Nonfiction > E.C. Stedman & E.M. Hutchinson, eds. > A Library of American Literature > 1835–1860
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Stedman and Hutchinson, comps.  A Library of American Literature:
An Anthology in Eleven Volumes.  1891.
Vols. VI–VIII: Literature of the Republic, Part III., 1835–1860
 
Abraham Lincoln
By Cassius Marcellus Clay (1810–1903)
 
[Born in Madison Co., Ky., 1810. Died at Richmond, Ky., 1903. Memoirs, Writings, and Speeches. 1886.]

WE all know Mr. Lincoln was not learned in books; but he had a higher education in actual life than most of his compeers. I have always placed him first of all the men of the times in common sense. He was not a great projector—not a great pioneer—hence not in the first rank of thinkers among men; but, as an observer of men and measures, he was patient, conservative, and of sure conclusions. I do not say that more heroic surgery might not have put down the Rebellion; but it is plain that Lincoln was a man fitted for the leadership at a time when men differed so much about the ends as well as the methods of the war. The anti-slavery element in these States was never, and is not now, great. The Americans, like the English, are ever much in favor of their own liberty. Only when the slave-power projected universal dominion was the North aroused; and only when it was the death of Slavery, or the death of the Union, did the great mass of Americans assent to its destruction. So Lincoln was not indifferent to slavery, as some of his superficial critics assert; but he was a type of the majority of Americans who, whilst conscious of the evils of slavery, were not yet so enthusiastic as to desire to grapple with its difficulties. But Lincoln was not only wise, but good. He was not only good, but eminently patriotic. He was the most honest man that I ever knew. Religiously, he was an agnostic; but practically, as the responsibilities of his position increased, his devotion to duty increased. So, like the great leaders of all times, he became more conscious of the weakness of Man and the power of God.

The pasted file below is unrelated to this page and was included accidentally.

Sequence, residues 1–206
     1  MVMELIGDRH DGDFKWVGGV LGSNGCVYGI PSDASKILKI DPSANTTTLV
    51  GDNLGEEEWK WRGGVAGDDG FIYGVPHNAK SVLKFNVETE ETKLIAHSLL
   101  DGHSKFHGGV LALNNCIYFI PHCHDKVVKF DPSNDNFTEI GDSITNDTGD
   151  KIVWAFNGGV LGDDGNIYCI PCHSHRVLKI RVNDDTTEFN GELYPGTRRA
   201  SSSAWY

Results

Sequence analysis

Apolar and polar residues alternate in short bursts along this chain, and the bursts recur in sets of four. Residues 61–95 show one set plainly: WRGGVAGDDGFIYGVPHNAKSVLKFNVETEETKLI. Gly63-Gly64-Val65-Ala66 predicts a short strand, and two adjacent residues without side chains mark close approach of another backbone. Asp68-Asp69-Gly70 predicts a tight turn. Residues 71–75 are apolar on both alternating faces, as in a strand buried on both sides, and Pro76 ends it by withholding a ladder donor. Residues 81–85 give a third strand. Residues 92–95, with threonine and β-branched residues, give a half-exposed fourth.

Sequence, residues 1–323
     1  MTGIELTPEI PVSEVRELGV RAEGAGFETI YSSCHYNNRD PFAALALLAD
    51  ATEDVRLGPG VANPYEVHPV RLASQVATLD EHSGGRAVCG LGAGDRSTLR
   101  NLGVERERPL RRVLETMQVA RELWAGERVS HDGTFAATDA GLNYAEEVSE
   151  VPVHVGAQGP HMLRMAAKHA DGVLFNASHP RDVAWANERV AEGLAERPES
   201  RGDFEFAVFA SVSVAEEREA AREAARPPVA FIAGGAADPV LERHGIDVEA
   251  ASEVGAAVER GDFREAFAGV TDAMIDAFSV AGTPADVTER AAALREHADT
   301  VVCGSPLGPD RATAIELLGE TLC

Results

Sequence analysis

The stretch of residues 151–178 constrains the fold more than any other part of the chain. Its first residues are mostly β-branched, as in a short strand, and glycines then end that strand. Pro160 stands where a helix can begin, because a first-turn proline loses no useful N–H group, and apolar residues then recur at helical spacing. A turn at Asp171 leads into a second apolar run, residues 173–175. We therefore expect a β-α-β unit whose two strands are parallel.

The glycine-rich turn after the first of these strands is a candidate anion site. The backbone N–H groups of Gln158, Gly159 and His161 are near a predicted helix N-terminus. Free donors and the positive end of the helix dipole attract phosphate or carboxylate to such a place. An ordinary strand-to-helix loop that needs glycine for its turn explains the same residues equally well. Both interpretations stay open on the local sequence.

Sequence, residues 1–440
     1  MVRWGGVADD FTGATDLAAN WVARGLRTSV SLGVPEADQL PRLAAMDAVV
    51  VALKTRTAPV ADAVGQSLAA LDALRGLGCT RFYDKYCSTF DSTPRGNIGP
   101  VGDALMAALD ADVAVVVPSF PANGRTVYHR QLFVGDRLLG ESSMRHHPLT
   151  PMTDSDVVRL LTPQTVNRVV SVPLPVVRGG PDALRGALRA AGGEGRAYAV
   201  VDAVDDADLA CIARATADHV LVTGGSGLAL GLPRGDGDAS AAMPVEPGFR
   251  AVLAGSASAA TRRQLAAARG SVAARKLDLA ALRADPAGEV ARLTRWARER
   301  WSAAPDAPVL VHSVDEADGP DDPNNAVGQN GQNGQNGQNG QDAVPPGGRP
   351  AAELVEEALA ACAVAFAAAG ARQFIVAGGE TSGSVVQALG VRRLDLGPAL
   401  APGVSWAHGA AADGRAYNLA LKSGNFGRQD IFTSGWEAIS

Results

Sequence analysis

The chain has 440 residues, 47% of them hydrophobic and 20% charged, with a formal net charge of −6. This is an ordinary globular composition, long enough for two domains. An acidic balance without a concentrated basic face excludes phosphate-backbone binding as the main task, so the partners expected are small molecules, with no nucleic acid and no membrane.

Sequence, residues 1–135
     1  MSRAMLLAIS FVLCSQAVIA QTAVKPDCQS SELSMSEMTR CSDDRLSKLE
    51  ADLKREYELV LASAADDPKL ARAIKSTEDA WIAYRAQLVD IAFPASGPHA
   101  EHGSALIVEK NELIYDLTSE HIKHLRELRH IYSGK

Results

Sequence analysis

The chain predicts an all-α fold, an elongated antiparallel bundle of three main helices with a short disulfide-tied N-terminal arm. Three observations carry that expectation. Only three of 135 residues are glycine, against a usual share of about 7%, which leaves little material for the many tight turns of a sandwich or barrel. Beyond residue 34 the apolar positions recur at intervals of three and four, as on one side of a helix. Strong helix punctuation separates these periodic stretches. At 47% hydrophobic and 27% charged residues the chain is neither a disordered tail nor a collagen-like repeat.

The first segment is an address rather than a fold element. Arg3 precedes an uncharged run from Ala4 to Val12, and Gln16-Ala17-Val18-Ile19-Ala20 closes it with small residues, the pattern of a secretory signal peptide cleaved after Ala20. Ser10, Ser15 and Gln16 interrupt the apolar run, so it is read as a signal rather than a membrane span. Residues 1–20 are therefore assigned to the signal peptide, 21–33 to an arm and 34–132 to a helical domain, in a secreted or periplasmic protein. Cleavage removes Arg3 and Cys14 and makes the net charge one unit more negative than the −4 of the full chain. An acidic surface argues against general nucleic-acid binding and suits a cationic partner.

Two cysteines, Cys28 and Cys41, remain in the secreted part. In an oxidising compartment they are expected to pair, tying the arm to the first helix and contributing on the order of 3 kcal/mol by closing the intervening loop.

1
  These sentiments are variously characterized,—with Cyrus it was the gods; with Cæsar and Napoleon it was individuality and destiny; and with Lincoln it grew more and more into a lively belief in the personal government of God. This I inferred not so much from his words as his acts, and that sad submission to events and close observance of duty which seemed to rise above all human power over events. I think, therefore, that morality and religion gain nothing by a perversion of facts; and the noblest heroism of all the ages has followed close on to Theism. For then are the highest faculties of the mind, and the noblest aspirations of the soul, moving in the same direction to the grandest results of human achievements. Lincoln’s death only added to the grandeur of his figure; and in all our history no man will ascend higher on the steep where—
 “Fame’s proud temple shines afar.”
  2
 
 
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